Covid-19 & Breast Cancer

Covid-19 may be on its way to becoming endemic but will continue to pose a greater risk to those who have underlying conditions. The Virginia Department of Health has put together a webpage and a few guides for people who might be at high risk of developing severe Covid-19. Below are those resources, including some information specific to breast cancer and breast health.

Covid-19 Vaccines

Being fully vaccinated against Covid-19 is the best way for anyone to prevent developing severe disease. The vaccines may not absolutely prevent Covid-19 illness, but vaccinations have been shown through multiple waves of disease to lower the risk of experiencing Covid symptoms and dramatically reduce the risk of hospitalization and death due to Covid-19.

At the writing of this page, the definition of “fully-vaccinated” in the United States is two doses of either the Pfizer, Moderna, or Johnson & Johnson vaccines. It is recommended that anyone over the age of 16 also receive a “booster” third dose of either the Pfizer or Moderna vaccine, but it is strongly recommended for those 65 and older or those with pre-existing conditions (like cancer survivors). For some people, four doses of the vaccine is recommended. If you are currently undergoing cancer treatment or have an underlying health condition that affects your immune system, reach out to your doctor to see if you would benefit from four doses of the vaccine.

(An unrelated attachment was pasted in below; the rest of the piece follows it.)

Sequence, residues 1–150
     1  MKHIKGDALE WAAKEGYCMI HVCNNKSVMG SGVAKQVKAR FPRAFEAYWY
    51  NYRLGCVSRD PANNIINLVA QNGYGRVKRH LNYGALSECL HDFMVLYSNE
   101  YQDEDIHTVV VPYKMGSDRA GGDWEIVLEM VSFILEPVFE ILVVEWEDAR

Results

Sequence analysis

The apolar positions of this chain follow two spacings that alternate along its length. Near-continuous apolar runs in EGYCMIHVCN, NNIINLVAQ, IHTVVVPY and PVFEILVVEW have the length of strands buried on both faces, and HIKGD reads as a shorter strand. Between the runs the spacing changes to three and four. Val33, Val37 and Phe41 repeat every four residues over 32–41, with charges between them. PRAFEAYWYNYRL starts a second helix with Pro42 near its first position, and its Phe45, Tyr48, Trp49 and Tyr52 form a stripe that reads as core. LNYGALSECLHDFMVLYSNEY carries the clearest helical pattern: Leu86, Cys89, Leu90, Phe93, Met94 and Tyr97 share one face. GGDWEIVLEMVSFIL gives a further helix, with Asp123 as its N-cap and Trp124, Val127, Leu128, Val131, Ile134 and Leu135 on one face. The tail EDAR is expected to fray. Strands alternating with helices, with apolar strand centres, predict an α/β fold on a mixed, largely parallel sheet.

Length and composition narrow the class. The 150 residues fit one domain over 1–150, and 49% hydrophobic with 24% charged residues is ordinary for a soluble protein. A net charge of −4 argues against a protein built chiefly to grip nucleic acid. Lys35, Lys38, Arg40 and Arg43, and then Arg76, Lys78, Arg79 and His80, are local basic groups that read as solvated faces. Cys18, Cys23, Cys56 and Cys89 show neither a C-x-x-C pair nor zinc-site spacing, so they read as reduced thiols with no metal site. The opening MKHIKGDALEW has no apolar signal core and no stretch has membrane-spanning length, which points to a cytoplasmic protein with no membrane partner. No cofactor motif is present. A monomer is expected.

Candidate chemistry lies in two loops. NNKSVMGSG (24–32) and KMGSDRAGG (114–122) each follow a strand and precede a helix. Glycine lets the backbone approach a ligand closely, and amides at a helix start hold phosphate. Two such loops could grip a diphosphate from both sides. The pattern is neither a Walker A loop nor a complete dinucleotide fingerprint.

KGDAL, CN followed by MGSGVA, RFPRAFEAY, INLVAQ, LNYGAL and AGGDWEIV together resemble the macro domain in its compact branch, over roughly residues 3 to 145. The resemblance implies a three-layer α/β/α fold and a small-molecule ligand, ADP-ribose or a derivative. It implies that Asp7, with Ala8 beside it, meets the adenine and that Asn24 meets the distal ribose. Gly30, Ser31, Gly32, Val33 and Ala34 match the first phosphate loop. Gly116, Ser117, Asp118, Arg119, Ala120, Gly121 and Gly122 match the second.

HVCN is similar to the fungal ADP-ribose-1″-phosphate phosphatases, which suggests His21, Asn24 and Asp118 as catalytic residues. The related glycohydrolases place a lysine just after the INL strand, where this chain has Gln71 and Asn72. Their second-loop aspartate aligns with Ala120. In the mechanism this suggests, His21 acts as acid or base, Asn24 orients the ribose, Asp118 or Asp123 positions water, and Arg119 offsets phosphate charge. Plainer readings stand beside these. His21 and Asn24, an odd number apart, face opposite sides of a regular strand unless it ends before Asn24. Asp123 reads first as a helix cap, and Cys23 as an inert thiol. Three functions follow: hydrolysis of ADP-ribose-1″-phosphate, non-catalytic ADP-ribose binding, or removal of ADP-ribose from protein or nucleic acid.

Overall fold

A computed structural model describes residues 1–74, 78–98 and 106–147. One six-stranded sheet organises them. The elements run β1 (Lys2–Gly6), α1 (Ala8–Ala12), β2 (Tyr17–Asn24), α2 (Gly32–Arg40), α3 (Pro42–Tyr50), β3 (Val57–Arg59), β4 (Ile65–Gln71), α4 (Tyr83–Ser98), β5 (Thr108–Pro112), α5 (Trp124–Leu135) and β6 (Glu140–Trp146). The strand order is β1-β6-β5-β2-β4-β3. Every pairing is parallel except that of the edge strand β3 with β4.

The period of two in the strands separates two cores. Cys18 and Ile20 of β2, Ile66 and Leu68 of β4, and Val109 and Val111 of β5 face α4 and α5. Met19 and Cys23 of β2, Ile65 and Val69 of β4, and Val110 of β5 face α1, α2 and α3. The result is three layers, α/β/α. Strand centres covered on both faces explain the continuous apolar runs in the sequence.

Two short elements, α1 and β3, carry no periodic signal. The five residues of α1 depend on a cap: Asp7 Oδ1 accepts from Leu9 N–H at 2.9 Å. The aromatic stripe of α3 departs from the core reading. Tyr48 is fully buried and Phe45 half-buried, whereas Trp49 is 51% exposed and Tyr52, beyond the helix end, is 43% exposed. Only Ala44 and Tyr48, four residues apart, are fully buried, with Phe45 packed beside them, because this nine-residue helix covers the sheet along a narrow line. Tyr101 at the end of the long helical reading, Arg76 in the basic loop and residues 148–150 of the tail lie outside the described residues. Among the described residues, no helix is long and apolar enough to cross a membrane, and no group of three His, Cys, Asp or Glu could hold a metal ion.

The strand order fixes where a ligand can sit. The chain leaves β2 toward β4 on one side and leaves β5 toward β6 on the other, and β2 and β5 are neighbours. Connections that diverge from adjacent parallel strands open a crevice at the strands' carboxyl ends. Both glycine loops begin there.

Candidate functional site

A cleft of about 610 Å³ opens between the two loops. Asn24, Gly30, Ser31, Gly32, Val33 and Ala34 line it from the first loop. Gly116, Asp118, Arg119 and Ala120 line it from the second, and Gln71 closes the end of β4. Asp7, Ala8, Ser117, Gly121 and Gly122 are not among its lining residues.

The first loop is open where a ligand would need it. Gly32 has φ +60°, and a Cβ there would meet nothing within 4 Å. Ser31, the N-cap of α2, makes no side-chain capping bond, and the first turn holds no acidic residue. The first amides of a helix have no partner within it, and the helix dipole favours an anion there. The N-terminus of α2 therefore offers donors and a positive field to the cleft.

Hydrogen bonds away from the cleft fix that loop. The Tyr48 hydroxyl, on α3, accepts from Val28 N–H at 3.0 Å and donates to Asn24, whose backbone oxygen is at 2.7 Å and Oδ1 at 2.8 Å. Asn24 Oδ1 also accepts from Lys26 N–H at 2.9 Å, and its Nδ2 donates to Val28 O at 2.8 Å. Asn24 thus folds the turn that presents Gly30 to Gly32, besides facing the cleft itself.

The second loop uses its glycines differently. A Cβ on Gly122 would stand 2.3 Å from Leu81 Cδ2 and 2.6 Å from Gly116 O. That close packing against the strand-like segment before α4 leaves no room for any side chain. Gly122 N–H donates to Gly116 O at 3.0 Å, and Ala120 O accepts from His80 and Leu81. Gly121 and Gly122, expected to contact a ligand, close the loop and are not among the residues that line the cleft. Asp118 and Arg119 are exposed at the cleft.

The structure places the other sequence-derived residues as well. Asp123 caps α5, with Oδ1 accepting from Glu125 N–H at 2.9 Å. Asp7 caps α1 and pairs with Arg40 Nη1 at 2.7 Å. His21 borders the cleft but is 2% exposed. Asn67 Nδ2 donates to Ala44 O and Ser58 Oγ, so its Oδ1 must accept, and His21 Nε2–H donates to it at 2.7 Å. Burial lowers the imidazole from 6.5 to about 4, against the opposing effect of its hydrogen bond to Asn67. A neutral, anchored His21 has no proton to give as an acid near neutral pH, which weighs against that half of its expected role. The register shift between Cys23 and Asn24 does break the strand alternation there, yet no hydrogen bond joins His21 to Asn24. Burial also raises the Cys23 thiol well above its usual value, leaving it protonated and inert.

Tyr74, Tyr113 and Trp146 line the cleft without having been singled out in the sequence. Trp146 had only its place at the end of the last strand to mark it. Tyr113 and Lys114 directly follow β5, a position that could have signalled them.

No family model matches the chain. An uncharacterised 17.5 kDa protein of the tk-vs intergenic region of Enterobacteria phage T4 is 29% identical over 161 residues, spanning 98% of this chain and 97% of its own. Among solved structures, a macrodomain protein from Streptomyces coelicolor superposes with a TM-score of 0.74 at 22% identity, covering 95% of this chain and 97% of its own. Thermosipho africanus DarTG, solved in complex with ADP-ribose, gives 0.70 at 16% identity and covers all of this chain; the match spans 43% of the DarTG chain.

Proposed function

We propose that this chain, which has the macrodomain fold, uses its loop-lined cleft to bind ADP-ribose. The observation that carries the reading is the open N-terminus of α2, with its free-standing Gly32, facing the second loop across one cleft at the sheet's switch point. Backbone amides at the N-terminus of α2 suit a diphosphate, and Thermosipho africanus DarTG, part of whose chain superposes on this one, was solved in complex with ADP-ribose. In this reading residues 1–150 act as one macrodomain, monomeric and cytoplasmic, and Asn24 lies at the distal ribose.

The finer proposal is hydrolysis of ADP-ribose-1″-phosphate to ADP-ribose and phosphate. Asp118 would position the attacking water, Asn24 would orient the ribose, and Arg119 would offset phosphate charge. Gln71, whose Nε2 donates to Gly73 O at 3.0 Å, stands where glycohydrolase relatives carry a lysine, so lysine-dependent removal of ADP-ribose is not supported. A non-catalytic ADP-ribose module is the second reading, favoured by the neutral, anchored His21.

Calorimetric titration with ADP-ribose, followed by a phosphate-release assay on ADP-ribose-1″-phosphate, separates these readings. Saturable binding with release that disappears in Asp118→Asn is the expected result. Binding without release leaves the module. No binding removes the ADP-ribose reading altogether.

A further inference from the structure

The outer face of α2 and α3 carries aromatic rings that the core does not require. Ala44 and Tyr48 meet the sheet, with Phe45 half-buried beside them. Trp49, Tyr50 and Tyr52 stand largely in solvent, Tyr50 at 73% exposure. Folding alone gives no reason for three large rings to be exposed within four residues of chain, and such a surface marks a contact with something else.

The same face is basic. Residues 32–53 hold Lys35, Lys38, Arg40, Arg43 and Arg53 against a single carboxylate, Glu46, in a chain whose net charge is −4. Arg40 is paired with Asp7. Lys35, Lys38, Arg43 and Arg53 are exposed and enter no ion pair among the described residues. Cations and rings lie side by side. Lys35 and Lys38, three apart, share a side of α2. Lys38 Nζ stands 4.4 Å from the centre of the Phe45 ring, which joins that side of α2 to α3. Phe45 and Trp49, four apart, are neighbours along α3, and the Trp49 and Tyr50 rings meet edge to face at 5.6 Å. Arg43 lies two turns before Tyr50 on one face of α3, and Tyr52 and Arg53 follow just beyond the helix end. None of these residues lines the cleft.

One note on the Covid-19 vaccines, as we mention in a previous blog, is that some people can experience swelling in lymph nodes in the underarm after receiving a vaccine. Because this side effect can cause confusion when receiving a mammogram (lymph node swelling under the arm can also sometimes indicate breast cancer), there has been a recommendation to get your mammogram before receiving a dose of a Covid-19 vaccine or to wait six weeks after receiving the vaccine before getting a mammogram.

A recent study determined that there is no need to wait to get a mammogram after a vaccine, so the best advice we have for you is to contact your imaging center and ask them what their recommendation is if you are planning on getting a vaccine and your mammogram around the same time.

Other Covid Prevention and Treatment

Besides vaccines, there are also some medicines that could reduce the risk of someone developing Covid-19 before they are exposed and medicines that can reduce the risk of Covid-19 after a person has already been exposed. There is also now a pill to treat Covid-19 and reduce the risk of severe disease. These medicines are in all short supply and currently only available for people at high risk for severe Covid-19, so if you think you might be at risk please talk to your doctor about the availability of these medicines.

For more information about Covid-19 prevention and treatment, check out this chart developed by VDH and flier about monoclonal antibodies, a Covid-19 treatment.

For more detailed information about who is at risk of severe Covid-19, visit this Virginia Department of Health website.